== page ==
Like when he won an award in 1943 for selling more war bonds than any other Boy Scout in the Bronx. “I was chosen to lay the wreath at the opening of the Lou Gehrig memorial outside of Yankee Stadium,” remembers Lilienstein. “And the New York Daily News had a picture of me and it said, boy scout Saul Lilienstein lays the wreath at the Lou Gehrig memorial and then it mentioned the people standing around me: Mrs. Babe Ruth, Mrs. Lou Gehrig.” For a boy whose life revolved around riding the subway to any and every baseball game he could, the memory stands out as a favorite. “And then we all went out to lunch together to the Concourse Plaza Hotel.”
Now an opera expert, Lilienstein has a musical background that stretches back to his high school days. “I went to a high school that had six full symphony orchestras in it. I’m not exaggerating,” he says. Manhattan’s High School of Music & Art is a public school, but was the project of Mayor Fiorello LaGuardia, who founded the school in 1936 as part of a trend of government support for artists and the arts. Factors like these seem almost impossible to imagine today, says Lilienstein, when rhetoric often villainizes anyone who benefits from the government. “But, it was a marvelous thing that generated theater and music in the city.”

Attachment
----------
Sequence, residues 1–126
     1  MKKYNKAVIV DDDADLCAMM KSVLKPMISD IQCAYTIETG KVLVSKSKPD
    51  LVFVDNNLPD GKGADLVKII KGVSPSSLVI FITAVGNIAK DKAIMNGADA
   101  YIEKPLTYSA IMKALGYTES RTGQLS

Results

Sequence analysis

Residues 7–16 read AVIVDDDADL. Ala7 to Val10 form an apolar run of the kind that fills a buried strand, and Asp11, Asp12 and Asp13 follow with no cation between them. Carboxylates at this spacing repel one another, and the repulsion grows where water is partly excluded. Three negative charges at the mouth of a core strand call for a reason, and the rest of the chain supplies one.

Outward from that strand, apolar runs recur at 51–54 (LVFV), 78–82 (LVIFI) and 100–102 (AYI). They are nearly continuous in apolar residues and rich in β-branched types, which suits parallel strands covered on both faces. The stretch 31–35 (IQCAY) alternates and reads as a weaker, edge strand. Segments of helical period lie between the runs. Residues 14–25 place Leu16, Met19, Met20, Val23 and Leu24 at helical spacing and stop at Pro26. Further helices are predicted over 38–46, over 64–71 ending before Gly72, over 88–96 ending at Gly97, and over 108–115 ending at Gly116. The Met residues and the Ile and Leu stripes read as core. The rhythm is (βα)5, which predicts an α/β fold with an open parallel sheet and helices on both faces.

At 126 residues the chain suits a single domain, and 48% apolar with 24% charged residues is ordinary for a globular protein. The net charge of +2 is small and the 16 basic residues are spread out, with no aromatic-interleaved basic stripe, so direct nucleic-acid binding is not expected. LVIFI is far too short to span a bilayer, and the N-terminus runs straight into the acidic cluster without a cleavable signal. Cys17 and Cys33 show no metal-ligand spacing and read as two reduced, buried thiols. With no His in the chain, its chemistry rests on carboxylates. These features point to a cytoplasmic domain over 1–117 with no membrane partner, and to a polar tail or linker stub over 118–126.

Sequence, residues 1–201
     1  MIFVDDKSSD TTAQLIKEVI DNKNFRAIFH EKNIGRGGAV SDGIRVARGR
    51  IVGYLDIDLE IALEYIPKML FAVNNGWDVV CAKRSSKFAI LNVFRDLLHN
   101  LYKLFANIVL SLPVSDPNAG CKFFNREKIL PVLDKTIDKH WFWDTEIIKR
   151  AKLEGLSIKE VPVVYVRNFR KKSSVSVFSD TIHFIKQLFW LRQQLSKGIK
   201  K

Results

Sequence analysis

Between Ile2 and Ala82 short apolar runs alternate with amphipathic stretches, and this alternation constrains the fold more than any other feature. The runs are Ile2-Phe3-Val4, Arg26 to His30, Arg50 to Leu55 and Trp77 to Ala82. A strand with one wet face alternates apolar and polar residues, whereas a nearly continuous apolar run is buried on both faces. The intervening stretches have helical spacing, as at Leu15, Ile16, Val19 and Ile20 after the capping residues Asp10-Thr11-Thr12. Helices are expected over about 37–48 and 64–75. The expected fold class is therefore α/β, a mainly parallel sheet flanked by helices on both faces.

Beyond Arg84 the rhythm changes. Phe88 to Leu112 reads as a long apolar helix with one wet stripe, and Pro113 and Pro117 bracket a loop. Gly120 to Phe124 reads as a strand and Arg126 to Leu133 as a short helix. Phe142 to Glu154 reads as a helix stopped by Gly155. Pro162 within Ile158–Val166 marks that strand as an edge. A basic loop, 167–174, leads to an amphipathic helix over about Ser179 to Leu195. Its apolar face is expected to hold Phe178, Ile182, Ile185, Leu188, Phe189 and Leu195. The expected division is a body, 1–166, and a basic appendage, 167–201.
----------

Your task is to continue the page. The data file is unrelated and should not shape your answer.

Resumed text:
He remembers taking the subway to music lessons in Manhattan where he trained with the first trombone from the New York Philharmonic, for free. Density created audiences large enough to support world renowned cultural institutions. A public transportation system open to anyone helped democratize access to those institutions. And Lilienstein’s story is just one of many from a city built to embrace the arts.
Times Square, for example, served as a sort of theater lobby for the entire city, according to Lilienstein. “It’s this place where a huge, milling crowd of people are getting something to eat and talking about what they’ve seen,” he says. “It’s not just a place where people are passing through.”
Lilienstein even goes so far as to defend the billboard funhouse that is Times Square today, saying, “Well it’s not quite the same. There are some differences: you can sit down in the middle of it now. I’m not one of those people who thinks everything gets worse, a lot of things get better.” But, Lilienstein pauses for a bit before adding, “Nothing gets better than New York in the 30s and the early 40s!”